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Govt plans three KV-like schools only for minorities | The Indian Express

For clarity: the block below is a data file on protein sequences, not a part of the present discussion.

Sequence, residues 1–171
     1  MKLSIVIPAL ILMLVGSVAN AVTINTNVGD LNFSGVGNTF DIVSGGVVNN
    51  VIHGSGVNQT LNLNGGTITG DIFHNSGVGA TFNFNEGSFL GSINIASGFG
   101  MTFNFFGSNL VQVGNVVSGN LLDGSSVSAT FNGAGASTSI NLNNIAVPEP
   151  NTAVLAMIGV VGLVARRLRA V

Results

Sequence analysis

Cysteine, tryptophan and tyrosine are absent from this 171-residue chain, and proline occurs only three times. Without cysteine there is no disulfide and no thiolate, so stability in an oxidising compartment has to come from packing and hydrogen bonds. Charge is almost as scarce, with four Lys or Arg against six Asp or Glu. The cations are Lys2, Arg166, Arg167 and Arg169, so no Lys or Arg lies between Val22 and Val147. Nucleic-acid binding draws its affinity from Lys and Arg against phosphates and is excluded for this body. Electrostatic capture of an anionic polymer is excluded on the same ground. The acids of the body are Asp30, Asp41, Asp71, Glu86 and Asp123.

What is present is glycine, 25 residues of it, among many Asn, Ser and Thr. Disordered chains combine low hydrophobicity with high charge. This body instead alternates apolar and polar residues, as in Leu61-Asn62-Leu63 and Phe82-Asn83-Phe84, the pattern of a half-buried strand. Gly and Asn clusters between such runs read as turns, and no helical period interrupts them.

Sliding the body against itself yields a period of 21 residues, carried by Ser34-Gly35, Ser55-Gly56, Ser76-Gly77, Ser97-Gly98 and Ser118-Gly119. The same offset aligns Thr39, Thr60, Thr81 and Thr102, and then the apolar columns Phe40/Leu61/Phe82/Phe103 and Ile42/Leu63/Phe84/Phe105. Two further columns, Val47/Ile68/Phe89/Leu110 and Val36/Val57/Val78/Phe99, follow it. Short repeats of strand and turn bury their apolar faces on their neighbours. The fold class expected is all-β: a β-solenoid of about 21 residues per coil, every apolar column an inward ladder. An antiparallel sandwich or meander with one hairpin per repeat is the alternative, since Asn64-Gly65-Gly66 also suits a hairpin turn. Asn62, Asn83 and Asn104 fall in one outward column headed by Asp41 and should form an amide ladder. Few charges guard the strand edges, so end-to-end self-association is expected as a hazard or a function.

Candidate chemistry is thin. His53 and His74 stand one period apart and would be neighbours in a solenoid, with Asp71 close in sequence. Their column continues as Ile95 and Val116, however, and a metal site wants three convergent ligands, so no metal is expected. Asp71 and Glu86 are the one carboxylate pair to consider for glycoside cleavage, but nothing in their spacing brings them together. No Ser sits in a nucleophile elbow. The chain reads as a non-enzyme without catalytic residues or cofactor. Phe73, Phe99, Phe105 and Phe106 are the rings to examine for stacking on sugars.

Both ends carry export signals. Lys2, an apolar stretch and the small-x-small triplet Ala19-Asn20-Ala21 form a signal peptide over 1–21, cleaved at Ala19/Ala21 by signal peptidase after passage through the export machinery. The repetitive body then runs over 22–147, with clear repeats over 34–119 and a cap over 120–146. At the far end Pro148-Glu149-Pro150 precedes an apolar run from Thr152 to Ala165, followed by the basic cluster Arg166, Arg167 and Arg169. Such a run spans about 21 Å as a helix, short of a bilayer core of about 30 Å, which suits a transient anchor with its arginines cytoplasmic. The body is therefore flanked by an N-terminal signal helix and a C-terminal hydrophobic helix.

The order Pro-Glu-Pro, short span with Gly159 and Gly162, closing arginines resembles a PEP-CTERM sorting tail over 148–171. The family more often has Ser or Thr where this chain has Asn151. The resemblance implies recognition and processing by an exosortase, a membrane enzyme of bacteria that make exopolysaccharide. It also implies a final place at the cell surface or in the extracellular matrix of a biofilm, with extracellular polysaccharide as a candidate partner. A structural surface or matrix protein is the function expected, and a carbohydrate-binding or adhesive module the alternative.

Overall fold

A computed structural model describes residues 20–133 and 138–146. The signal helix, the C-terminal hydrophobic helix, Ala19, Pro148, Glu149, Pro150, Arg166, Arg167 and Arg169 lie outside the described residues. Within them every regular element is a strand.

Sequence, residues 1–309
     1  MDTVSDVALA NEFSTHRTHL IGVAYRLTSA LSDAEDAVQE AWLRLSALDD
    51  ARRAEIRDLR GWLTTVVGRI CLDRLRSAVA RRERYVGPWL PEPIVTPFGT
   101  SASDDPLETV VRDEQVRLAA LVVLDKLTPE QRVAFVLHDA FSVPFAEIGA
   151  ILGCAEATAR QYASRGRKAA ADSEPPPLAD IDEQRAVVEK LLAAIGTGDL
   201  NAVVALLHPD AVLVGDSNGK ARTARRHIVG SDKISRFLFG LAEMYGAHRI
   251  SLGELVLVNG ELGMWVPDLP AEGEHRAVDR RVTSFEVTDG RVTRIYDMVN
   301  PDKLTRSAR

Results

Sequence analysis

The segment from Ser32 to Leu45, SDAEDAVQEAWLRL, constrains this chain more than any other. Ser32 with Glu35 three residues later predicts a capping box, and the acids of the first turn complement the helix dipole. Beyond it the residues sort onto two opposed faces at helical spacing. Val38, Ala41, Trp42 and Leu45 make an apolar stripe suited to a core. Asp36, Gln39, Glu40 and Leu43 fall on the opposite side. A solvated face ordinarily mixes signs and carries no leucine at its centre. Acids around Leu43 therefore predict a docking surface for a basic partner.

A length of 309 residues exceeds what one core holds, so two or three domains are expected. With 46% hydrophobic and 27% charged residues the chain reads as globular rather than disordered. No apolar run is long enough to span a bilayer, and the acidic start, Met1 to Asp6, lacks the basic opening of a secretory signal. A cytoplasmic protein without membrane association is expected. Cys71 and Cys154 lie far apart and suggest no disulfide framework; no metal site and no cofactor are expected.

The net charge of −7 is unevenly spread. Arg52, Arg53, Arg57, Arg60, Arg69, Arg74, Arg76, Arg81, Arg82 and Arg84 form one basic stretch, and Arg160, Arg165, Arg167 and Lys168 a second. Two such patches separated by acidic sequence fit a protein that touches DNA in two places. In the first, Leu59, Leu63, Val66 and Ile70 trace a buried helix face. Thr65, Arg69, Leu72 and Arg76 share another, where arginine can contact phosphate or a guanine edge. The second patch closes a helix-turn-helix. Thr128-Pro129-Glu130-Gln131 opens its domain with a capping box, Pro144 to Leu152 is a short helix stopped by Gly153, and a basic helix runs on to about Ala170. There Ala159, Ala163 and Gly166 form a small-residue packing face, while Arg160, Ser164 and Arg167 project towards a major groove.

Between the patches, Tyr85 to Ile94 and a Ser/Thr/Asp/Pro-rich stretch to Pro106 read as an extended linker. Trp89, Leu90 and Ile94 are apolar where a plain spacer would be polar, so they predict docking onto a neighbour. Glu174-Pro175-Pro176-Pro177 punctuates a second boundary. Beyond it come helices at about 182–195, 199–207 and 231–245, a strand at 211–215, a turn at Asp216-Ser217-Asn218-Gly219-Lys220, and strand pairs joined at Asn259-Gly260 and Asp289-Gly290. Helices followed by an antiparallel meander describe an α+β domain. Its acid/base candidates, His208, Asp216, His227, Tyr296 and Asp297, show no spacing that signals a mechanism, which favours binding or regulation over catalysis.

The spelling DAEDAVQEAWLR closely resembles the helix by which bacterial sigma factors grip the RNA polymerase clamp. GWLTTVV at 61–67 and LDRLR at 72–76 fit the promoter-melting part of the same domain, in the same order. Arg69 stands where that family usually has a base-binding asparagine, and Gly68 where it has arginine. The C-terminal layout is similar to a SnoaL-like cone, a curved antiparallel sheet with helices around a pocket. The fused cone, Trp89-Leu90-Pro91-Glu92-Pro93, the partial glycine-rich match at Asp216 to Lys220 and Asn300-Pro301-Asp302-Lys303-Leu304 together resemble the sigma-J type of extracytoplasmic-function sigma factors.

Related. In election season, it is raining sops. The Ministry of Minority Affairs is set to start three schools, modelled on the lines of the Kendriya Vidyalayas, in Kishenganj (Bihar), Ajmer (Rajasthan) and Mewat (Haryana) exclusively for students from minority communities. Each school, to be set up at an approximate cost of Rs 5 crore, will have a capacity of about 1,000 students. While the National Buildings Construction Corporation has already submitted the final plans for the buildings, the ministry does not want to wait. Efforts are on to start classes from the 2014-15 academic session in rented accommodation. “All status reports on minorities have always pointed out a need for better school education infrastructure for their children. That is why we will set up schools exclusively for these children through the Maulana Azad Education Foundation (MAEF). We are hoping to start classes from the 2014-15 session. When the school buildings are ready, the students can be shifted there. We are writing to all state governments for allotment of land — at least five acres — for the schools,” said Minority Affairs Minister K Rehman Khan. The MAEF — a voluntary, non-political, non-profit social service organisation fully funded by the ministry with the minister as its ex-officio president — was roped in to avoid controversy over the government setting up minority institutions. The MAEF will be the controlling authority for the schools. The Kendriya Vidyalaya model has been adopted because the 1,094 KVs have the highest success rate. In 2013, 100 per cent KV students cleared both the Class X and Class XII CBSE examinations. While the original plan was to start five schools, only the Bihar, Haryana and Rajasthan governments have offered the required land so far. The long-term plan, said Khan, is to open a school in each of the 200 districts in the country which have a high population of minorities. “If each school has 1,000 students, it would mean that if we cover all 200 districts, there would be 2 lakh minority students who pass out of school every year. That would be a good number to integrate into the workforce,” said Khan. According to data provided by the Ministry of Human Resource Development in reply to a Parliament question in March last year, only 13.31 per cent of Muslim children in the age group of 6-14 years were enrolled in schools in 2011-12. There is no data of primary/ secondary school enrolment for any other minority community.
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